TITLE: Stalking the Wily Misconception
AUTHOR: Eugene Wallingford
DATE: August 20, 2008 2:19 PM
Recently, someone sent me a link to Clifford Stoll's
from February 2006, and yesterday I finally watched.
Actually, I listened more than I watched, for two
reasons. First, because I was multitasking in several
other windows, as I always am at the machine. Second,
because Stoll's manic style jumping around the stage
isn't much to my liking.
As a university professor and a parent, I enjoyed the
talk for its message about science and education. It's
worth listening to simply for the epigram he gives in
the first minute or so, about science, engineering, and
technology, and for the quote he recites to close the
talk. (Academic buildings have some of the coolest
quotes engraved right on their walls.) But the real
meat of the talk, which doesn't start until midway
through, is the point.
Prodded by schoolteachers to whom he was talking about
science in the schools, Stoll decided that he should put
his money where his mouth is: he became a science teacher.
Not just giving a guest lecture at a high school, but
teaching a real junior-high science class four days a week.
He doesn't do the "turn to Chapter 7 and do all the odd
problems" kind of teaching either, but real physics. For
example, his students measure the speed of light. They
may be off by 25%, but they measured the speed of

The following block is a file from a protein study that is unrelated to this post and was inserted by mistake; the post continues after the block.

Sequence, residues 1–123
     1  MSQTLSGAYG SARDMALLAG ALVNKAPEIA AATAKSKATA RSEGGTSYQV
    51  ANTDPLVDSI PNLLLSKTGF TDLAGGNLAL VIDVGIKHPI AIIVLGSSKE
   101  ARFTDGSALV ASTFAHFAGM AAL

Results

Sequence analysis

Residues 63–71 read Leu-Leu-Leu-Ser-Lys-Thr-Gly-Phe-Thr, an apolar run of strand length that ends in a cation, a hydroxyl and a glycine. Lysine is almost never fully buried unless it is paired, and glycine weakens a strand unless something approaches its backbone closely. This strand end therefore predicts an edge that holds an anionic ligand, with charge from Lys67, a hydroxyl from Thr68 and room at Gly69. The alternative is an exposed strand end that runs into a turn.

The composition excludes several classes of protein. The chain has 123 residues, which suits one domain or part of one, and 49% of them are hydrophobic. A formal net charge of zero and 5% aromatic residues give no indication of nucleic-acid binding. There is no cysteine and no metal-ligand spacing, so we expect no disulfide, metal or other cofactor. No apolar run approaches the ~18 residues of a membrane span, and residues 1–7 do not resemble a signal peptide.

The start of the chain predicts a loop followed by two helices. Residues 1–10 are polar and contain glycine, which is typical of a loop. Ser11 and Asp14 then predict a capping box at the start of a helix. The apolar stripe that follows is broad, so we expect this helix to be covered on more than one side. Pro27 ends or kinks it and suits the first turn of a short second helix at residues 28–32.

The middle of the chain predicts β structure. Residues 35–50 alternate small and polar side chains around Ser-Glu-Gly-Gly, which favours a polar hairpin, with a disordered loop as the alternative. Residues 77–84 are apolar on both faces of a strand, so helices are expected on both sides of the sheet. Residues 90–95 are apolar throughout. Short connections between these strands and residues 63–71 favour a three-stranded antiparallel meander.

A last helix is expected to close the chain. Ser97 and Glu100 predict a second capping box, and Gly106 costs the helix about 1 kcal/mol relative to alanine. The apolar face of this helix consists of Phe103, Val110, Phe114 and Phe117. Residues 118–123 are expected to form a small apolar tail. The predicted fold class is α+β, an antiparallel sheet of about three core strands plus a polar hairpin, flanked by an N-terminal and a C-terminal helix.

light, using experiments they helped design and real
tools. This isn't the baking soda volcano, folks. Good
stuff. And I'll bet that junior-high kids love his style;
he's much better suited for that audience than I!
One remark irked me, even if he didn't mean it the way
I heard it. At about 1:38, he makes a short little
riff on his belief that computers don't belong in schools.
"No! Keep them out of schools", he says.
In one sense, he is right. Educators, school administrators,
and school boards have made "integrating technology" so
big a deal that computers are put into classrooms for their
own sake. They become devices for delivering lame games
and ineffective simulations. We teach Apple Keynote, and
students think they have learned "computers" -- and so do
most teachers and parents. When we consider what "computers
in schools" means to most people, we probably should keep
kids away from them, or at least cut back their use.
At first, I thought I was irked at Stoll for saying this,
but now I realize that I should be irked at my profession
for not having done a better job both educating everyone
about what computers really mean for
education and producing the tools that capitalize on this
Once again I am shamed by
Alan Kay's vision.
The teachers working with Alan also have their students
do real experiments, too, such as measuring the speed of
gravity. Then they use computers to build executable
models that help students to formalize the mathematics
for describing the phenomenon. Programming is one of
Imagine saying that we should keep pencils and paper out
of our schools, returning to the days of chalk slates.
People would laugh, scoff, and revolt. Saying we should
keep computers out of schools should elicit the same kind
of response. And not because kids wouldn't have access
to e-mail, the web, and GarageBand.